Hydrogen Company Plug Power Closes In on $1.6 Billion Loan

Energy Department Loan ‘Key’ for Plug Power’s Growth Plans
Electrolyzer stack
An electrolyzer stack at the Plug Power facility in Concord, Mass. (Adam Glanzman/Bloomberg News)

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Plug Power Inc. surged the most in three years after the hydrogen company said it’s getting close to finalizing a $1.6 billion loan from the U.S. Energy Department, and it’s cutting spending to shore up the balance sheet.

Plug gained as much as 31% Jan. 23, the most intraday since January 2021, as the Latham, N.Y.-based company provided its annual business update. It also said an electolyzer production plant in Georgia is now operational, and another one in Tennessee is expected to open soon.

The government financing will be key for Plug’s growth plans. The company was notified Jan. 22 that the agency’s credit review board is evaluating the application. The rate will be no higher than 6.5%, and Plug Chief Financial Officer Paul Middleton said he expects it to be finalized by the third quarter. The company plans to use the money to support as many as six hydrogen production facilities.

“That lower-cost capital is incredibly helpful,” Middleton said during the update call.

While that will help the company’s long-term plans, it’s still facing a short-term cash crunch as it burns through capital to build out its hydrogen production capacity. The company surprised investors in November by posting worse-than-expected third-quarter earnings and warning that there was doubt it would be able stay in business. It disclosed Jan. 17 plans to sell as much as $1 billion in stock.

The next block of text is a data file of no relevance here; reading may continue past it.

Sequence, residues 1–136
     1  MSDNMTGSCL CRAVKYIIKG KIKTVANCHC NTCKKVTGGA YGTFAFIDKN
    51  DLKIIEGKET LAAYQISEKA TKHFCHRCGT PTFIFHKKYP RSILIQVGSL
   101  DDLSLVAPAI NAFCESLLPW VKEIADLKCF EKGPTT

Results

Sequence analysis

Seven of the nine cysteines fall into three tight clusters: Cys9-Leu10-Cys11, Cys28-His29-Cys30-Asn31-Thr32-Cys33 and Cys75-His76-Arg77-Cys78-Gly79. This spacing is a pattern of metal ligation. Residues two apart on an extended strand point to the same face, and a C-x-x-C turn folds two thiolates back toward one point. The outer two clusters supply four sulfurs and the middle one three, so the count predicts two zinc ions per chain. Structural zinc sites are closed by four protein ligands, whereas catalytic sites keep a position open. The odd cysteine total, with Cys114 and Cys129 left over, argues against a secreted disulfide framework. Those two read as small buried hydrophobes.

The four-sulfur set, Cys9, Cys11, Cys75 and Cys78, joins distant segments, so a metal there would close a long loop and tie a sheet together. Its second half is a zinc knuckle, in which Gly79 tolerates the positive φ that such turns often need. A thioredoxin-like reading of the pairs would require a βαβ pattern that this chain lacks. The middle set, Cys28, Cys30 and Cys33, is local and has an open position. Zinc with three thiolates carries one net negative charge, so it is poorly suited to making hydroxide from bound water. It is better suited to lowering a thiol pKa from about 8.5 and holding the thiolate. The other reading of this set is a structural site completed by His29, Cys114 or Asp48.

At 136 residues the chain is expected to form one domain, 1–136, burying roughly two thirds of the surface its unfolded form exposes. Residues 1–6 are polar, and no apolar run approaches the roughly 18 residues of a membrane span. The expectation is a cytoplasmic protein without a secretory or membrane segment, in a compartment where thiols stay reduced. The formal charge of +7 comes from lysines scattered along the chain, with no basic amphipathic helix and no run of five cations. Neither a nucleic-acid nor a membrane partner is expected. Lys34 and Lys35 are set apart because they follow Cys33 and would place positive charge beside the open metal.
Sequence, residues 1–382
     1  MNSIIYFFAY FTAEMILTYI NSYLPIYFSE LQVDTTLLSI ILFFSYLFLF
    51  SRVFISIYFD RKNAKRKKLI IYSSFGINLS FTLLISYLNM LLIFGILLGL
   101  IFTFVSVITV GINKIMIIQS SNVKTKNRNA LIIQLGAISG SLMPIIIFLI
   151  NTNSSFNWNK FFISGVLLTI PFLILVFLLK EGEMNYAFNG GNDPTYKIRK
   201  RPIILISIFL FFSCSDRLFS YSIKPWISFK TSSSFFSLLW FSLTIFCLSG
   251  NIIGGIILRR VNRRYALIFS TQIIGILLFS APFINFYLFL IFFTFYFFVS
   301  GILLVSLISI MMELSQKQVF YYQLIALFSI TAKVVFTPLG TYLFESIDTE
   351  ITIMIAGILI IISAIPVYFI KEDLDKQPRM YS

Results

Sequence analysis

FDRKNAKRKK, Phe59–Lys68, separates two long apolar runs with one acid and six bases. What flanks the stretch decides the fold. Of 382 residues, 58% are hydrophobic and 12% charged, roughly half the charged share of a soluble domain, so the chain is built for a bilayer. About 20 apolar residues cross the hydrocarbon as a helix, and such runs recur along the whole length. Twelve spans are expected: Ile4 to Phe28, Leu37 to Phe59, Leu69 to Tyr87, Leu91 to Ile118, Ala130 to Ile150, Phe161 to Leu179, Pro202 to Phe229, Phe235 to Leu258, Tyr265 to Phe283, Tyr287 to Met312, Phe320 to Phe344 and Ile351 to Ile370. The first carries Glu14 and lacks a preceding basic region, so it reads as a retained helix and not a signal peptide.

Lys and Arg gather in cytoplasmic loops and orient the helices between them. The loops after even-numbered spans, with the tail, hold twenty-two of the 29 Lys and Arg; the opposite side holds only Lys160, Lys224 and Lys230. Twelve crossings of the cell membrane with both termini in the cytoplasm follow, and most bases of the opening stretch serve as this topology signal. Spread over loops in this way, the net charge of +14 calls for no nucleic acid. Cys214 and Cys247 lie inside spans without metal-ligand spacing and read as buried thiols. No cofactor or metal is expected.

“Addressing the critical issue of cash management and resolving our going concern is now our foremost priority,” Chief Executive Officer Andy Marsh said on the call.

That may be resolved in the next few months, according to Colin Rusch, an analyst with Oppenheimer & Co.

“Plug addressed key concerns, notably on balance sheet resilience, operational cash burn, and reaching critical technology performance benchmarks,” Rusch wrote in a research note. “We believe the company will likely be able to address its going concern notice” in the first quarter.

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The Energy Department said it can’t comment on loan applications.

Plug is helping lead the charge to promote hydrogen as a clean fuel. For years it specialized in forklifts and freight-handling equipment that ran on hydrogen fuel cells before it began focusing on supplying the gas as well as machines that split the gas from water.

Plug said Jan. 23 that fourth-quarter revenue will be about $200 million, well below the $378 million analysts are expecting, and the company will likely take a non-cash goodwill impairment charge of as much as $250 million. It also plans to cut cash spending by 70% from 2023, with reduced capital expenditure and lower investment in inventory.

Plug has received numerous offers to provide financing, but “they are not under terms that are interesting to the company,” Middleton said.